Deepavali or Diwali as Celebrated in Singapore

A festival of lights celebrated by by Hindus, Jains, Sikhs and some Buddhists, and Newar Buddhists, Deepavali is marked literally by an abundance of lights.

The Editor | Sept. 12, 2021 | 334 reads
Deepavali or Diwali as Celebrated in Singapore
Credit: Udayaditya Barua via Unsplash

Date: Varies, according to the Hindu Calendar

A festival of lights celebrated by by Hindus, Jains, Sikhs and some Buddhists, and Newar Buddhists, Deepavali is marked literally by an abundance of lights.

You will find Little India lit up like the fourth of July during Deepavali.

But what exactly is Deepavali celebrating? Is it a religious or cultural festival?

It seems to be a celebration of both.

Deepavali usually last five days, and celebrated between mid-October and mid-November. This year, it will be celebrated on 4 November (Thursday). It is one of the most popular Hindu festival which celebrates the victory of light over darkness, or rather the victory of good over evil.

Etymology

Diwali or Divali comes from the Sanskrit dīpāvali which means "row of lights". From the Sanskrit words dīpa which means "illuminates” and āvali, "a row", or "continuous".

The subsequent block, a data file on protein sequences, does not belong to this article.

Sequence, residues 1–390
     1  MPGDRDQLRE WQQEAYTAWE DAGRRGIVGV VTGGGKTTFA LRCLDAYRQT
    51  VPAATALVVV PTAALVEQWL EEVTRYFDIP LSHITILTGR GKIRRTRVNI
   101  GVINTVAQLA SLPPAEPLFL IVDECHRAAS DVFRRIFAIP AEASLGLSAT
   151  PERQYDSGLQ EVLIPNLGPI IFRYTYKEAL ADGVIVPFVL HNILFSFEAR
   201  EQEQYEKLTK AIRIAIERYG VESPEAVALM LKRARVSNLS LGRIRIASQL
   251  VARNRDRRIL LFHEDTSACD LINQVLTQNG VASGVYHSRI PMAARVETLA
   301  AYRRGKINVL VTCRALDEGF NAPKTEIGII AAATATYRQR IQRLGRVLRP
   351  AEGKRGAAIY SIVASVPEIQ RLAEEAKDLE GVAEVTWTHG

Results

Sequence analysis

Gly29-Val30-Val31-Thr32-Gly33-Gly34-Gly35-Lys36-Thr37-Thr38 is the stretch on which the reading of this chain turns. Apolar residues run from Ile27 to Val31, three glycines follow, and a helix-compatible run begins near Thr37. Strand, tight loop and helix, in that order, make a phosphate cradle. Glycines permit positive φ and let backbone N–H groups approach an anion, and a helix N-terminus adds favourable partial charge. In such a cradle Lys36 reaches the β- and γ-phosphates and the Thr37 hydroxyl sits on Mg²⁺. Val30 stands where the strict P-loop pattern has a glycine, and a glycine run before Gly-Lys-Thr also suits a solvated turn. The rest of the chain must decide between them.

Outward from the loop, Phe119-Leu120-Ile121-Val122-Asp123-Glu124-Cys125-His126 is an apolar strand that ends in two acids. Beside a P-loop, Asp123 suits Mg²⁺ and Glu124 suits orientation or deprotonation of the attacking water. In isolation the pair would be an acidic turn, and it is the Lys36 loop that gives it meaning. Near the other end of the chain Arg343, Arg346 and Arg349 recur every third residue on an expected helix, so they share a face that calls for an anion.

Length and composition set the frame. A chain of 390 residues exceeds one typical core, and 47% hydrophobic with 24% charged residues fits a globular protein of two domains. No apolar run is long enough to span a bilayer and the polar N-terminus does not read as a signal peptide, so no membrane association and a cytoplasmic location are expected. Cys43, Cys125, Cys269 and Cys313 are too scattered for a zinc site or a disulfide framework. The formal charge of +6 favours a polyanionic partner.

Deepavali is said to conclude the summer harvest.

Deepavali or Diwali was document by travellers outside India as far back as the 11th century. Persian traveller and historian Al Biruni already wrote about Diwali, so did Noccolo de Conti, th eVenetial merchant, Domingo Paes, a Portuguese traveller, and several Islamic historians.

How is it celebrated?

How is it celebrated?
Credit: Rangoli, Wikimedia

It is normally celebrated in Singapore by a vivid display of lights, rangoli.

Rangoli, an art form from the Indian subcontinent which are basically intricate patterns created on the floor or tabletops (mostly floor, never seen one on a tabletop) using powdered lime stone, dry rice flour, coloured sand, and the like. You will see these in most malls during Deepavali, or Indian restaurants.

Before COVID, there would be a night market that sells a variety of Indian trinkets at Little India for great bargains.
Indian treats are also shared. Well not just Indian treats, but it’s the perfect time to try North and South Indian cuisines. Try their traditional briyani dishes or iconic Indian sweets.

Most institutions honour this by allowing the wearing of traditional garb.

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